How Are Remittances Being Affected by COVID-19?

How Are Remittances Being Affected by COVID-19?

Remittances are cash transfers sent by migrants, usually to family members in their country of origin. International remittances can also make up part of the regular income of some people, for example, those who perform cross-border work, such as seasonal workers who tend crops in neighbouring countries. According to UNDESA, migrants send an average of 15% of their earnings back home. Remittances often represent up to 60% of family income.

Projections

In 2019, remittances worldwide accounted for a flow of $706 billion, most of it ($554 billion) to low- and middle-income countries, setting a new record, the World Bank said. However, they also project that the flow of remittances in 2020 will be affected by the economic impact of the pandemic, falling 19.7% globally, and 19.3% for Latin America and the Caribbean. The IOM estimates those most affected will be those working in the catering, construction, manufacturing and hospitality industries, which are traditionally performed by migrants in North America and Europe.

Reality

Despite these projections, some countries continued to see a rise in remittances, at least during the first two months of the year. As time passes, a decline in remittances is being observed.

Guatemala, for example, reported an increase in remittances during the months of January and February, compared to the previous year. While a drop was noted in March, April and May 2020 compared to 2019, more remittances were reported in May 2020 than in May 2018. Moreover, the balance up to May 2020 shows a decline of 3% compared to the previous year.

In Mexico remittances practically doubled during March 2020, the month in which the pandemic was declared, in comparison with the previous month. This represented the greatest monthly increase in remittances since 1995, as well as the highest ever income received by recipient families from remittances, with $378 USD. Some economists attribute this increase to a fear held by migrants that their incomes would be reduced in destination countries, causing them to send savings to their families.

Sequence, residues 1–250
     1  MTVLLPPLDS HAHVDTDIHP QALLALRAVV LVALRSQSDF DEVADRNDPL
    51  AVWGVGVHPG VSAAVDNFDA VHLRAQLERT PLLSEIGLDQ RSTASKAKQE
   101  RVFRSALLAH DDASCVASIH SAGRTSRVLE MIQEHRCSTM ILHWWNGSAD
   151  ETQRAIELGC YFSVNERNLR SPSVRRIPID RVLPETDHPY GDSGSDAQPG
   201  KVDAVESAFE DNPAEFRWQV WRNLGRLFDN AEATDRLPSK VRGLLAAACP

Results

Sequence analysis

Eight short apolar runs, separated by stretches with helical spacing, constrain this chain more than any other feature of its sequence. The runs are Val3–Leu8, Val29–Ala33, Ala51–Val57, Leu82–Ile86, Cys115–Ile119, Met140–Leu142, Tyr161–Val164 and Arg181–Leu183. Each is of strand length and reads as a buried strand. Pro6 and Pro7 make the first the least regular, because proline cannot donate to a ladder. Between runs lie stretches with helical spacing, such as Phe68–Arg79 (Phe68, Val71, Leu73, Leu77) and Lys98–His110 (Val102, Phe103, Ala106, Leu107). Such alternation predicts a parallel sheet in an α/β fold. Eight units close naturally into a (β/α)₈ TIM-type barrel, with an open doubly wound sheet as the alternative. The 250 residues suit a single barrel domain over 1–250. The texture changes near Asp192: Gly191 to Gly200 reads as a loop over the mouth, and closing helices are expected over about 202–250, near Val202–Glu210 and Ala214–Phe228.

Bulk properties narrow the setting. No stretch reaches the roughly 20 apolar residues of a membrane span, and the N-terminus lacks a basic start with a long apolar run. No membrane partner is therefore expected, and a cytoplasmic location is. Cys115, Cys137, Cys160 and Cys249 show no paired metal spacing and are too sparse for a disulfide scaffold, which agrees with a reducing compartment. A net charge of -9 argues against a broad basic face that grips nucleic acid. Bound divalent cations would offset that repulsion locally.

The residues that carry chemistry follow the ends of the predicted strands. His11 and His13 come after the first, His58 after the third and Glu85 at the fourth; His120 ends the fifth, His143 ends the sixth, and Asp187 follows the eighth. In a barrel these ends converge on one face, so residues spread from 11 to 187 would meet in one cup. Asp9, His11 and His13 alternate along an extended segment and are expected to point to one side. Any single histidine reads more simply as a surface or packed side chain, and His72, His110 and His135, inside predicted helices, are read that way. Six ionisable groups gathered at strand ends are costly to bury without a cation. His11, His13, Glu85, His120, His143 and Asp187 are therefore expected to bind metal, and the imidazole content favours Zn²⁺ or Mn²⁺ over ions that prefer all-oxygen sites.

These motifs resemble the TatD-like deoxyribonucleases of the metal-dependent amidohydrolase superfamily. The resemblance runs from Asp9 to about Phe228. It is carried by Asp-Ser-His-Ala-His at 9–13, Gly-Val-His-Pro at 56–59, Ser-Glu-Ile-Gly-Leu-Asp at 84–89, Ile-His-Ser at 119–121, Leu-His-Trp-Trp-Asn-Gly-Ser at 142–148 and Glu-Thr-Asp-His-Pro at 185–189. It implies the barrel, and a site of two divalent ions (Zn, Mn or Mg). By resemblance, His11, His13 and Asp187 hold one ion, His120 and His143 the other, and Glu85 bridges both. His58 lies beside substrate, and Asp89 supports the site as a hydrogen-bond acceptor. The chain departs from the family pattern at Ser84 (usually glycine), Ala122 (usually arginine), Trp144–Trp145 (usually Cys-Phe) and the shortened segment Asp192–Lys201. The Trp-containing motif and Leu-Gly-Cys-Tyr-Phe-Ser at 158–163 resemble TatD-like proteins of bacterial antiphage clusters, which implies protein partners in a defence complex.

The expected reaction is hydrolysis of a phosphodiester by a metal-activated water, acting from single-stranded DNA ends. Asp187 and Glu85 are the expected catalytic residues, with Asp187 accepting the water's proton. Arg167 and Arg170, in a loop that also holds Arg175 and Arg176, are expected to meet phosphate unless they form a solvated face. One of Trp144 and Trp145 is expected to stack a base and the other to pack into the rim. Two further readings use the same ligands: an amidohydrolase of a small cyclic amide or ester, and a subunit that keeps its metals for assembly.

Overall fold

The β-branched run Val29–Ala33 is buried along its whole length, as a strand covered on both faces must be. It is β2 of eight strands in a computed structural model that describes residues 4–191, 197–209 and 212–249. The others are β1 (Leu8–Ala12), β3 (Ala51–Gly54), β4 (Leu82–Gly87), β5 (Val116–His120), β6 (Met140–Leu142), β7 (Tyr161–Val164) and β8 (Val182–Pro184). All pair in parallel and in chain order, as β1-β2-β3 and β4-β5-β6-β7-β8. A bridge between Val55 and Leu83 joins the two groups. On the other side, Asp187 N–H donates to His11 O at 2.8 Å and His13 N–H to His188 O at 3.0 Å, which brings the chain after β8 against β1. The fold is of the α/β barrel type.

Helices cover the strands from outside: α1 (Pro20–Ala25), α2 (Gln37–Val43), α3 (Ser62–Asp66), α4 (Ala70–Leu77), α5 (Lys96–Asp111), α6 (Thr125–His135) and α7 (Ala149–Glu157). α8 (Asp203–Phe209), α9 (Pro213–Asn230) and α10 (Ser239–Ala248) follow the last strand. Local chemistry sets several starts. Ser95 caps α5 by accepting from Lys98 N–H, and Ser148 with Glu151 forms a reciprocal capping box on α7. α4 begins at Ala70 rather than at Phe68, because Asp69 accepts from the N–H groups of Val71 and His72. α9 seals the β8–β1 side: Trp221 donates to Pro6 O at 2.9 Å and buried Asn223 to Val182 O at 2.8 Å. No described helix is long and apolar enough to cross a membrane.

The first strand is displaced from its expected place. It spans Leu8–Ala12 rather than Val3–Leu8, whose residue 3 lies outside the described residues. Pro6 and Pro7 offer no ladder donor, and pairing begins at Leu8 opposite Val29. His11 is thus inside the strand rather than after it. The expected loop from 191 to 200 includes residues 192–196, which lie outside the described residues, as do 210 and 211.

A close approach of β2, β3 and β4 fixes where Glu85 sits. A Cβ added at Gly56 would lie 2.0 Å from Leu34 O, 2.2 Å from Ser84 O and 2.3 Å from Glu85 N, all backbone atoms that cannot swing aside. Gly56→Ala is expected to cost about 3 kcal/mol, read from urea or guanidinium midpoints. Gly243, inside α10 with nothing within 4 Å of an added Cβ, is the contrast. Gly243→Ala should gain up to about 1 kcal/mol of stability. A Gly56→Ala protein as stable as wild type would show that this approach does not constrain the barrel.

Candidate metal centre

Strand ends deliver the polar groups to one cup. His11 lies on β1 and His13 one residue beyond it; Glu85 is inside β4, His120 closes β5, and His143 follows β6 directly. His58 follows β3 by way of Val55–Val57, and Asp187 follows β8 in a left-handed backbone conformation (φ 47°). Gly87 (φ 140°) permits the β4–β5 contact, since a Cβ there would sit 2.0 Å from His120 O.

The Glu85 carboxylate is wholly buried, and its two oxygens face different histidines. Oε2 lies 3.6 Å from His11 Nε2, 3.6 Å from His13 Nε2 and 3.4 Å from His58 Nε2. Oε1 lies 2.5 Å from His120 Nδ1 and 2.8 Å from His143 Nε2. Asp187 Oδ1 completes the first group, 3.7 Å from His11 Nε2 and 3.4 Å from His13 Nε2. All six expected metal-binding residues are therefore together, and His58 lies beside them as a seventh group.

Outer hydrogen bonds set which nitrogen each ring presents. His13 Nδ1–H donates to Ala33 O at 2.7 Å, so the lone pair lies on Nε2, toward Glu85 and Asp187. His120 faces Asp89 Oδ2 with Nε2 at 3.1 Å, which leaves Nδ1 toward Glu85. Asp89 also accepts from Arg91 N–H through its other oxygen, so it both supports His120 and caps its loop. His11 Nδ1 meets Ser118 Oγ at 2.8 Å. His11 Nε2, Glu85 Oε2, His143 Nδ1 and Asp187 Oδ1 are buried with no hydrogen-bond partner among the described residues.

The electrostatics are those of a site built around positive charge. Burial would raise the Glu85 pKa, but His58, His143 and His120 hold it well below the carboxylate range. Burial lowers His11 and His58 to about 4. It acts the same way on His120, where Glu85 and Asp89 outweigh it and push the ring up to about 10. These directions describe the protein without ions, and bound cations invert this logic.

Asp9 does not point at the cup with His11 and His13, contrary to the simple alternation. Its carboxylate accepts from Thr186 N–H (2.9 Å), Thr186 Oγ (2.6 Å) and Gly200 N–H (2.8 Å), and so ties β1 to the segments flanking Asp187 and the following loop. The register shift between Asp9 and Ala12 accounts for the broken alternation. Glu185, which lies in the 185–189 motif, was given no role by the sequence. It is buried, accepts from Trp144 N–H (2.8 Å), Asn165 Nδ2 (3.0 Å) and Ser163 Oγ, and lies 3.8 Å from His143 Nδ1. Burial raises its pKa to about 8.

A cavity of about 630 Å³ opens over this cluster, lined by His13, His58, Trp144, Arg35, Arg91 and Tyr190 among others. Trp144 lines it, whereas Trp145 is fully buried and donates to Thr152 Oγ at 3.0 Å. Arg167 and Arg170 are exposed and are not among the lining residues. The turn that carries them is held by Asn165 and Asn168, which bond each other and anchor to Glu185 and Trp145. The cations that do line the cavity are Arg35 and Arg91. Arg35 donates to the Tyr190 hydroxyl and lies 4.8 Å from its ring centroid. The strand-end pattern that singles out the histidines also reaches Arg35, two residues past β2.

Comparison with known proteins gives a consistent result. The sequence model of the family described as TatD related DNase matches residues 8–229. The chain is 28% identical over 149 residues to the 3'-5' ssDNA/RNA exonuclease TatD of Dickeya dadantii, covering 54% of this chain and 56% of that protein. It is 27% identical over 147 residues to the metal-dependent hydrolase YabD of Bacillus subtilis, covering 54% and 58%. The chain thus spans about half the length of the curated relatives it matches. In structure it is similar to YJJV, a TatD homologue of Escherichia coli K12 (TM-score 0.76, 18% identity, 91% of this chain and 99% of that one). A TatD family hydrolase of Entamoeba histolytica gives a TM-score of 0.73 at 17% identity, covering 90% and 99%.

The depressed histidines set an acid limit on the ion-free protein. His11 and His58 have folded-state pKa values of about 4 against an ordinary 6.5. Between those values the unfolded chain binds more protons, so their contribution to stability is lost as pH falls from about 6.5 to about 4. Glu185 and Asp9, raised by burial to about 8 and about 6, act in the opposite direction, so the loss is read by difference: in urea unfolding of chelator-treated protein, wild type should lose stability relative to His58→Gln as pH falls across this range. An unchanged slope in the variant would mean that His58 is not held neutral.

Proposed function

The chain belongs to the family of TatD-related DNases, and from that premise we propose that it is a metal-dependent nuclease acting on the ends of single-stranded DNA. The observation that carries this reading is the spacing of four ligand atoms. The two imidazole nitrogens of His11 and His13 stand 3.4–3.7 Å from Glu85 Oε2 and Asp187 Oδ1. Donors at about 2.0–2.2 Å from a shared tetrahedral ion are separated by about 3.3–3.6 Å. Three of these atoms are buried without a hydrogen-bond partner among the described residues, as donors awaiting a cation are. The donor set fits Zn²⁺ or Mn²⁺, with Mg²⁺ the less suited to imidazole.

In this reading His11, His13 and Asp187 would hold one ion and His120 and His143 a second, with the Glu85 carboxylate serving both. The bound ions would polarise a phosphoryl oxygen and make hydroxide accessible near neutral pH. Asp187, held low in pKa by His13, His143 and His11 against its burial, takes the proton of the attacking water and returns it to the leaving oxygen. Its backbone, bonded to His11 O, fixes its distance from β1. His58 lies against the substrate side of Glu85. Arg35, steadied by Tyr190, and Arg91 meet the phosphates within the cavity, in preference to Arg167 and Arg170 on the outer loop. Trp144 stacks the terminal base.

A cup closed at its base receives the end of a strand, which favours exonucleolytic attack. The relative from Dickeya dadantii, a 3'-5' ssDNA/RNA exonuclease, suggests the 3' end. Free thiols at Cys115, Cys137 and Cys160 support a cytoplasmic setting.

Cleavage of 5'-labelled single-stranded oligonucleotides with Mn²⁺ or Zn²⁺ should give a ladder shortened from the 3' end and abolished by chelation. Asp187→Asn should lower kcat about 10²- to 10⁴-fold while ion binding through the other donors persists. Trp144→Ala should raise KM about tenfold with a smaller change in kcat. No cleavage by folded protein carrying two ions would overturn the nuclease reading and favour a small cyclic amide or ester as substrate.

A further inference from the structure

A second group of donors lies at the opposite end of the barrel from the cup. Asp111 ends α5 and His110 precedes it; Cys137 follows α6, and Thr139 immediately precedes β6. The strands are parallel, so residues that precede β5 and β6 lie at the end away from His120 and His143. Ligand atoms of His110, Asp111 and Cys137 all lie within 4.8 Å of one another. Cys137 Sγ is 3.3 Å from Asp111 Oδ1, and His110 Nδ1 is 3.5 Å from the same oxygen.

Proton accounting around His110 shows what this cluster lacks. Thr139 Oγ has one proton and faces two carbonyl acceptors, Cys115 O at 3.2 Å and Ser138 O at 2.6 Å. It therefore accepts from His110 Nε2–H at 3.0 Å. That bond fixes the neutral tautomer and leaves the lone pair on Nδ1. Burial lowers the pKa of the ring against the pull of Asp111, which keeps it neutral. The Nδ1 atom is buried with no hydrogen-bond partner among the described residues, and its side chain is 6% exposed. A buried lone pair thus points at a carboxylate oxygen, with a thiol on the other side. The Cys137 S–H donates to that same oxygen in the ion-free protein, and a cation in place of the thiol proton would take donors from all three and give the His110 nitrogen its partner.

In other countries, however, the predictions have come true and a decrease in the receipt of remittances has occurred. Such is the case of Honduras, which between January and March decreased by 1.1% from the previous year, apparently as a result of a loss of income in the destination countries due to the outbreak of COVID-19, especially the United States. This decrease in remittances intensifies as the months pass: between March and April 2020, the country reported 43% less reserves compared to 2019.

A similar case is found in El Salvador, where a 9.8% drop in remittance between January and April 2020 was reported, compared to the previous year. The vast majority of remittances in this country (95.4%) come from the United States, one of the places hardest hit by the pandemic. It is expected that with the gradual opening of states, remittances will be strengthened.

Reducing the cost of sending remittances is necessary to help alleviate this situation, in line with the Sustainable Development Goals, specifically Goal 10 target 10.c, which aims to reduce the transaction costs of migrant remittances to less than 3%. One factor that can offset remittance fees (which on average, entail a sending fee of 6.79%, which is well above the 3% fee suggested in the SDGs) is a decrease in the value of the currencies of recipient countries, which increases the value of what migrants send home.